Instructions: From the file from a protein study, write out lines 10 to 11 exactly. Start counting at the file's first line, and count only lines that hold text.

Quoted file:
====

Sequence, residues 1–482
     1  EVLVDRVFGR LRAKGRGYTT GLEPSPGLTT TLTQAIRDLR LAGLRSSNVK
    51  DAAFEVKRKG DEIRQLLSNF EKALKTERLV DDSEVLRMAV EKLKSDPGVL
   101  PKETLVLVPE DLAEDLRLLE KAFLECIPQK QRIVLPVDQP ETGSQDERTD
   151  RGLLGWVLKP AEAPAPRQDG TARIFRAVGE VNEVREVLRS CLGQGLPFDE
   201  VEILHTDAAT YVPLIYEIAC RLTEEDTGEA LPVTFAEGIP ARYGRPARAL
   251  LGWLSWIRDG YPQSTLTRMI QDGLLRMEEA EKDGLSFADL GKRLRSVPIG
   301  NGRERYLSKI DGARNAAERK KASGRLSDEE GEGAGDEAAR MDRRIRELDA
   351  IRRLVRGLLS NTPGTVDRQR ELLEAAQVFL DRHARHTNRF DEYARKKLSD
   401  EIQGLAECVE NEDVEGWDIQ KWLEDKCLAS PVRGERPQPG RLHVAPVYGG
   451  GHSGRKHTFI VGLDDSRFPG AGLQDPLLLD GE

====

   401  EIQGLAECVE NEDVEGWDIQ KWLEDKCLAS PVRGERPQPG RLHVAPVYGG
   451  GHSGRKHTFI VGLDDSRFPG AGLQDPLLLD GE